Stocks Sink in a Vicious Sea of Red; Oil Bulls Are Blindsided by Stagflation Fear, Rates Down Trigger Demand for JPY, Leaving Gold in No Man’s Land
Global Macro and Stock Markets Analysis
US equities fell sharply Wednesday, S&P down 4%, the most significant daily decline since June 2020. The weakness came as Target’s quarterly earnings added fuel to the recession risk narrative, while the drop of US10 year yields down 10bps to 2.88% offered little support. And Oil settled at 2.3% lower on the day.
Equities continue to be at the mercy of broader macro themes, with more hawkish comments from Fed Chair Jay Powell leading to a further move higher in front-end rates, which continues to prove problematic for risk.
Medium-term, the Fed is likely to respond to any easing in financial conditions by ratcheting up the hawkish noises and, in effect, acting as a lid on the markets. And this should keep active money on the sidelines.
The relief rally trap door sprung when the S& P 500 4000 pins snapped after Target‘s earnings results exacerbated some recession fears that continued the theme of rising inventories detailed by Walmart on Tuesday. And the broad-based sell-off absolutely hammered tech.
Indeed, contagion from bellwether consumer earnings prints is sending stagflationary shockwaves through the market, and equities suffered another massive bout of indigestion after yesterday’s Alka Seltzer moment.
While rising inventories and higher inventory/sales ratios are not new, the big boxes now confirm recessionary worries and catalyze the severity of the sum of all stagflationary fears.
Oil Fundamental Analysis
The China reopening trade got blindsided by intense global recessionary impulses.
It is a very volatile market, but there are enough reasons to suggest why traders are looking to sell in the current environment.
An actual recession is likely one of the few antagonists that can contain oil prices with a supply deficit. And as the procession to recession shortens, oil prices could continue to fall due to demand concerns.
In addition to Venezuela barrels possibly coming to market offsetting the ongoing political fractious Libyan supply disruption, the EU sanctions package currently under discussion would likely legalize Russian supplies’ status quo at least through the year and take pressure off the prompt contract.
FOREX Fundamental Analysis
It was another busy day in G-10 FX with broad-based dollar demand across the spectrum, driven by a hawkish FED and safe-haven demand, which are two primary supportive channels for King Dollar.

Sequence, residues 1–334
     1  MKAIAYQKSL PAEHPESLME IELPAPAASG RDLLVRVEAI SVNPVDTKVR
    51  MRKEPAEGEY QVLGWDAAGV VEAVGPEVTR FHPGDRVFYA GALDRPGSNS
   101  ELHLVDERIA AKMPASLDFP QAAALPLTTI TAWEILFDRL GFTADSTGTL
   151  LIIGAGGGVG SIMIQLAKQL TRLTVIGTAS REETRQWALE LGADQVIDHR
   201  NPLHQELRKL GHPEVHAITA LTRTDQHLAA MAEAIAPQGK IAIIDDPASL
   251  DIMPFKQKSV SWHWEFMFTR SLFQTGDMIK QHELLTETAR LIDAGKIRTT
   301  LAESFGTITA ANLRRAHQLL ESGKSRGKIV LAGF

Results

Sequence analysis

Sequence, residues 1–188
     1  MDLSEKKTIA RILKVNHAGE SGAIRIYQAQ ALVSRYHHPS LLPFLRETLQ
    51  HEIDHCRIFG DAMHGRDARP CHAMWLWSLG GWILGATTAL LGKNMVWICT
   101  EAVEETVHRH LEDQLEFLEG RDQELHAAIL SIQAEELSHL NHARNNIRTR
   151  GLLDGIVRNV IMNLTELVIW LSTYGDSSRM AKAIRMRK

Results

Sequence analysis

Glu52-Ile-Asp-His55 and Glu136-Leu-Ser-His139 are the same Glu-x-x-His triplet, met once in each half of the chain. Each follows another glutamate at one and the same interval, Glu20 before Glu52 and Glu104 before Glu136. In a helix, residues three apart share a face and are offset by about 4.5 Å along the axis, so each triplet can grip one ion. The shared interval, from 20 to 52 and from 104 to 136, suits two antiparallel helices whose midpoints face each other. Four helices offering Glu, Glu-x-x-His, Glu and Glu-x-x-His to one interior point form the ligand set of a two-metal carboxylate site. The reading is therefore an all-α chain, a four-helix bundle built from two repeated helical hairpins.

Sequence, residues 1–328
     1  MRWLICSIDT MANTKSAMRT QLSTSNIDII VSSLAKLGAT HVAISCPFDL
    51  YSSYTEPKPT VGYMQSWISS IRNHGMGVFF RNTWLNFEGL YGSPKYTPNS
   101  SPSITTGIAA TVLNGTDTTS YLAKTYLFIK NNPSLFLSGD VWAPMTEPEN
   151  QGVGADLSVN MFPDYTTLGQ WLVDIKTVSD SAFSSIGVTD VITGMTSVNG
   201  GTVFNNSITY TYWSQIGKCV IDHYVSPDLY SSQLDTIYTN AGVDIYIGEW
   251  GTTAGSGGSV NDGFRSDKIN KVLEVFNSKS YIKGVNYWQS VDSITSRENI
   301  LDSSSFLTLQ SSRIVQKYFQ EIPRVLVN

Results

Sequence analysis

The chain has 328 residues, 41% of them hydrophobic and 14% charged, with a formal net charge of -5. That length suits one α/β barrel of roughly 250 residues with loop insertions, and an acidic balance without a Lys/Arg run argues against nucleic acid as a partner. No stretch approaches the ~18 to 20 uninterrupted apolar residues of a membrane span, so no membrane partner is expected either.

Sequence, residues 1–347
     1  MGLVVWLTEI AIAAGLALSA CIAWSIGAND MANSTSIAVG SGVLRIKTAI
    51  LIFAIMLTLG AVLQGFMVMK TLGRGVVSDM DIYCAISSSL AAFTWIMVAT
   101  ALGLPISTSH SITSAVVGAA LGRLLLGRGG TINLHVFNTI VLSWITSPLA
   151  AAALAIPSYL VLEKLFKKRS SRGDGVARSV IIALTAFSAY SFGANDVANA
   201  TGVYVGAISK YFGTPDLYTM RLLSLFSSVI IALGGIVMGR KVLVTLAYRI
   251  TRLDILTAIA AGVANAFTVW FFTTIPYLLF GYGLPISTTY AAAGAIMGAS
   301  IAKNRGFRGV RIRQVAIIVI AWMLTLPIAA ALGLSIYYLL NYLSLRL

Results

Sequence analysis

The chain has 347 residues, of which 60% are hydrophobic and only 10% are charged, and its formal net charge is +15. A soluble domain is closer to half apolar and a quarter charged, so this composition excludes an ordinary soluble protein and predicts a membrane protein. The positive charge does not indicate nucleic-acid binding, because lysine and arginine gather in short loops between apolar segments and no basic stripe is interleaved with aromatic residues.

Investors continue to evaluate the diverging approaches taken by central banks amid an inflation crisis. Federal Reserve Chair Jay Powell issued some hawkish comments on Tuesday about the possibility of raising the Fed Funds above neutral. At the same time, the Bank of England seems to have fallen behind the curve with its dovish approach, despite rampant inflation data emerging earlier Tuesday.
But folks that trade for a living, not analyze currencies as a job, are looking to buy JPY, which suggests the worm is turning on USDJPY.
Local investor interest in buying USDJPY in the Asian session saw the pair touch a high in the 129.50/60 zone, coinciding with highs in various JPY crosses.
Since then, the pair has been heavy on rallies and opened the North America session near 129.00/10. This morning we open the Asia session at 128.30 as safe-haven demand is kicking in.
The JPY looks attractive with the global economy on the precipice of recession. JPY is interesting as the rise in USDJPY YTD has opened an enormous value gap for what is typically perceived as a safe-haven currency. Historically FX hedges for massive risk-off scenarios suggest that the YEN provides an excellent firebreak to the recessionary flames, especially against a “stock down rates down” seismic shock or a market backdrop consistent with recessionary pricing.
Besides the Brexit risk and the BoE as a reluctant rate hiker, domestic political risk never seems to leave the GBP spectrum. “Red Wall” Conservative members of parliament are planning to ask Chancellor Rishi Sunak to remove Andrew Bailey as governor of the Bank of England. It seems nigh on impossible this would succeed, but it reflects the political pressure being heaped on the BoE.
Bailey is just two years into an eight-year term. Bailey has not helped himself, with comments such as predicting an “apocalyptic” rise in food prices earning him opprobrium from all corners.
Questioning the ability of your top central banker cannot be suitable for the currency.
USDCHF and CHF crosses continue to trade heavily, with little bounces, after SNB Chairman Jordan said the central bank is “ready to act if inflation strengthens.”
There is no relief in the crosses after disappointing quarterly results from major retailers weighed on the broader markets.
Gold is caught in the tug of war between recessionary safe-haven demand and do not fight the fed mode.
It is a tough market for gold investors, with stocks tanking and the street moving into a capitulatory sell-all frame of mind. And even lower bond yields are offering little support leaving bullion investors adrift in no man’s land.
For a look at all of today’s economic events, check out our economic calendar.